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Next L.A. | Ahead of the Curve

An Attorney Makes the Case for Mediation

March 25, 1997|JOSEPH HANANIA | SPECIAL TO THE TIMES

Forrest Mosten, the 1996 recipient of the Los Angeles County Bar Conflict Prevention Award, believes the legal profession's fate is at risk.

The current legal system is overly contentious, glacially slow, burdened with skyrocketing costs and sinking ever further in public esteem, he says. So he is helping lead a small but rapidly growing body of lawyers calling for nothing less than a revolution in the practice of law.

In Mosten's vision, attorneys would first act as counselors helping mediate solutions. Only if that failed would they engage in traditional adversarial litigation.

Similarly, a lawsuit would become the opportunity for adversaries to engage in "a potentially transformational experience," opening up channels of communication, he said.

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The alternative to wholesale reform, he says, is an increasing number of Americans bypassing attorney services. Already, a 1993 American Bar Assn. study found, 62% of all divorces filed in the Phoenix area had no lawyers representing the two parties. And according to a nationwide ABA study, about 70% of individuals with identifiable legal needs never see a lawyer.

Jerry Shistac, ABA president, endorses many of Mosten's ideas, calling them "cutting edge" and Mosten "a leader in his field."

Barbara Stark, the attorney who heads the ABA's family law publishing section, green-lighted the printing of a record number of copies of Mosten's new book, "The Complete Guide to Mediation."

And Laurie Levenson, associate dean of Loyola Law School in Los Angeles and a former criminal prosecutor, concurs that "lawyers see their job as going in and fighting every issue. But really, much of what lawyers need to do is to listen to the other side, and see if there's any middle ground. That's a different type of lawyering."

Mediation will become a necessary alternative "because the court system cannot handle all cases before it. Traditional litigation takes too long and is prohibitively expensive. In the end, mediation will grow because it has to," she said.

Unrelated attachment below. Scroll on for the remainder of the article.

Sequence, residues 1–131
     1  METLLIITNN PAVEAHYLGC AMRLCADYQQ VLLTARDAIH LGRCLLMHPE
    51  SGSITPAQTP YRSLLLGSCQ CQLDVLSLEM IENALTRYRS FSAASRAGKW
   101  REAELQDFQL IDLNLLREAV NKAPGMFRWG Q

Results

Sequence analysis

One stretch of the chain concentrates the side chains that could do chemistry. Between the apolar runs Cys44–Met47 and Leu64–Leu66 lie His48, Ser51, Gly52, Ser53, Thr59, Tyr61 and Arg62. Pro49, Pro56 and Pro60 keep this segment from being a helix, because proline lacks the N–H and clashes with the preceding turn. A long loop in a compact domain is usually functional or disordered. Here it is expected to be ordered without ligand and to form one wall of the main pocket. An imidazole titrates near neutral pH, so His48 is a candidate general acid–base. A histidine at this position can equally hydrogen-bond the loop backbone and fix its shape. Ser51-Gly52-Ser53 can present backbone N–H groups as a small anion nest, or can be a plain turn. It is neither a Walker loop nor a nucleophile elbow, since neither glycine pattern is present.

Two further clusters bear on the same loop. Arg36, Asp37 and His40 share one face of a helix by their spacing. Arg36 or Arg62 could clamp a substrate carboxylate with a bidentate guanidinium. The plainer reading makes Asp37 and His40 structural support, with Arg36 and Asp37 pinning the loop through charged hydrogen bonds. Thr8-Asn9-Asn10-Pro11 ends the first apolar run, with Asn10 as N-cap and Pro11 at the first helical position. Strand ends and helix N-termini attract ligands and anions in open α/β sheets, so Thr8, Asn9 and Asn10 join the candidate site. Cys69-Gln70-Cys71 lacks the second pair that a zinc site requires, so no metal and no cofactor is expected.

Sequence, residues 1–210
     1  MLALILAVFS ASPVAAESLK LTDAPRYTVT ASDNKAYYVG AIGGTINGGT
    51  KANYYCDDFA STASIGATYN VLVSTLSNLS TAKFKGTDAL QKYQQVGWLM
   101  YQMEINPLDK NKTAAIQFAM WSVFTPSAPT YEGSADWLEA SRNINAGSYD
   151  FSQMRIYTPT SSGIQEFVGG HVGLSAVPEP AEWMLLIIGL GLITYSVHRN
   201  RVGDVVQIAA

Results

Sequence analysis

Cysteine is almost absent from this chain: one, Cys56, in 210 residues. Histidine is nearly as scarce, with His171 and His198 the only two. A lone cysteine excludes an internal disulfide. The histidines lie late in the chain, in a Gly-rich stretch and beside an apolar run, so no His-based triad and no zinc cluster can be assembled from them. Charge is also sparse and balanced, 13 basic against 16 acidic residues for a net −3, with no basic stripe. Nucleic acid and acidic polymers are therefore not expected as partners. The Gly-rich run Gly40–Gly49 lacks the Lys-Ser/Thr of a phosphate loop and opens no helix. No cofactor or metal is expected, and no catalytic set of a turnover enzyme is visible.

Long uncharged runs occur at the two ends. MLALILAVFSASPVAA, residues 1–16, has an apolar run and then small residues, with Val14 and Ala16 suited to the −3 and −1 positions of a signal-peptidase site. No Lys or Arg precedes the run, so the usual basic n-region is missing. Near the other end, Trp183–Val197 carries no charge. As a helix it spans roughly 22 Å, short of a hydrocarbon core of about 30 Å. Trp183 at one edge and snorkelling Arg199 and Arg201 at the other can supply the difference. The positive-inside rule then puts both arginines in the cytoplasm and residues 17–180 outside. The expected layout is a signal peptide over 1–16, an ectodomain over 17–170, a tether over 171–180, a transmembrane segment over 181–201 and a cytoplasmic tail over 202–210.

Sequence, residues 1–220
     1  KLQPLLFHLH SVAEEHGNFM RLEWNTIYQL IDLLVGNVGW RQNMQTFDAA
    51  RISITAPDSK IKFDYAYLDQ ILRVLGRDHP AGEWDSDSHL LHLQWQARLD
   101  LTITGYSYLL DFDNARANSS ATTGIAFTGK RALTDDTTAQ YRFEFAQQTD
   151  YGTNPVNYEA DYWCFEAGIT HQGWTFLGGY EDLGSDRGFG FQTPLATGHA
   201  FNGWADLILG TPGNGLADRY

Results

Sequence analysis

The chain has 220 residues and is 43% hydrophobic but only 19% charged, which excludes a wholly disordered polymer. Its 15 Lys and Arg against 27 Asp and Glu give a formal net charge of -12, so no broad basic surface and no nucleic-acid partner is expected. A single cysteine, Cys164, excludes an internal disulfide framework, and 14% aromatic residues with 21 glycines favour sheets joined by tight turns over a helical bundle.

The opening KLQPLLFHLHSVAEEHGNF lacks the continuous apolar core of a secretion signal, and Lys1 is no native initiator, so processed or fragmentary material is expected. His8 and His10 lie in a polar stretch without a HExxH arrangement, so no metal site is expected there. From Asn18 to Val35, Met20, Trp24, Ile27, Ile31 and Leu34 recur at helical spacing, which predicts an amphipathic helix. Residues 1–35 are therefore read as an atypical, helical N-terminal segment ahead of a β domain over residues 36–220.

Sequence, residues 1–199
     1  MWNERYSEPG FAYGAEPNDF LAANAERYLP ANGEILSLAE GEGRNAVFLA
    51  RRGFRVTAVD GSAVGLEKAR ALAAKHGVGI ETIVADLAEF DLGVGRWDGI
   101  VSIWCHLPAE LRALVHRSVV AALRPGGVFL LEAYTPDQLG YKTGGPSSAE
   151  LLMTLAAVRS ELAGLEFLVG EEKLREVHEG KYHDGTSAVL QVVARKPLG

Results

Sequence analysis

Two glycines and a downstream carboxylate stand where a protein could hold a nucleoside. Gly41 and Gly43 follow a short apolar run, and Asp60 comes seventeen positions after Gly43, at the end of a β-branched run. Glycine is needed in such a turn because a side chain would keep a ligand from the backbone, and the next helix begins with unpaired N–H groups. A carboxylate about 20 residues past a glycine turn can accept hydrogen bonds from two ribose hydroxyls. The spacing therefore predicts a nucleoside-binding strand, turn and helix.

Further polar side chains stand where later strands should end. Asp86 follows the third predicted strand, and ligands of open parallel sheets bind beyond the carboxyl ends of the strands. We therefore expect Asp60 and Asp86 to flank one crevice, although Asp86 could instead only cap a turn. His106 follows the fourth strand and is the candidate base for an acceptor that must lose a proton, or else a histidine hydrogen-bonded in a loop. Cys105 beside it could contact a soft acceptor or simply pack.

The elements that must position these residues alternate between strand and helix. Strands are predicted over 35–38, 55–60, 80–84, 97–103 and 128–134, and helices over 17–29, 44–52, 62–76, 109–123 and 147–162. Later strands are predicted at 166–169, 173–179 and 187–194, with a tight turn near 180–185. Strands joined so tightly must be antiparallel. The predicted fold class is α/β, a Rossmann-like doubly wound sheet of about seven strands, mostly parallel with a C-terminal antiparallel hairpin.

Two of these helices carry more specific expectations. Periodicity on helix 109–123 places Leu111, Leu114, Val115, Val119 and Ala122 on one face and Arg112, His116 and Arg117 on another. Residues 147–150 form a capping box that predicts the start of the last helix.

Despite numerous advantages, only 3% of all lawsuits now go to mediation.

The main obstacle, Mosten said, stems from the way lawyers are educated, with a stress on competitive one-upmanship instead of preventive, healing models. "The word 'client' is never used in law school, and the word 'apology' does not exist in the legal language. We study cases, not people," said Mosten, a partner at the Mosten & Tuffias law firm in Los Angeles.

A new outlook toward mediation and new legal training are beginning to emerge. At Loyola, students take classes not just in mediation, but also in "ethical lawyering," Levenson said. "This includes how to interview clients, counseling them on the emotional and psychological alternatives as well as the legal issues." Such classes fill a gap in traditional legal education, she said.

The endorsement of Mosten's views among the ABA's upper echelons is surprising given his criticism of the way his colleagues practice law. In one of many salvos against attorneys in his book, Mosten says: "Instead of feeling that we are making a difference in our clients' lives and to society, we often feel like hired guns who play out the family pathology."

Too often, Mosten contends, "while the [litigating] parties are trying to make a deal, lawyers often act as the naysayers."

Admittedly, Mosten did not always have these views. Rather, he came to them after graduating from UCLA Law School in 1972 and spending four years as a traditional family litigator.

Drained by his acrimonious practice, Mosten left the firm he co-founded, Meyers, Jacoby & Mosten (now Jacoby & Meyers), to teach at Mercer University Law School in Georgia. While there, he read about mediation and incorporated hands-on workshops into his classes.

Three years later, Mosten became assistant regional director for consumer protection at the Federal Trade Commission's Los Angeles office. In 1980, he returned to private practice, putting mediation theory to work and concentrating on his specialty, family law.

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Back then, largely because mediation was so little known, Mosten logged only 90 hours of mediation in the first year. Now, 75% of his work involves mediation, encompassing not only family law but also business disputes, malpractice suits, condominium battles and the like.

Mosten points out that about 95% of all cases, civil and criminal, are settled through out-of-court negotiations rather than through trial. For most litigants, then, the real choice is not whether to go to trial or negotiate, he said, it is how to negotiate: through the traditional adversarial system--with its wrecking of family, business and friendships--or through mediation.

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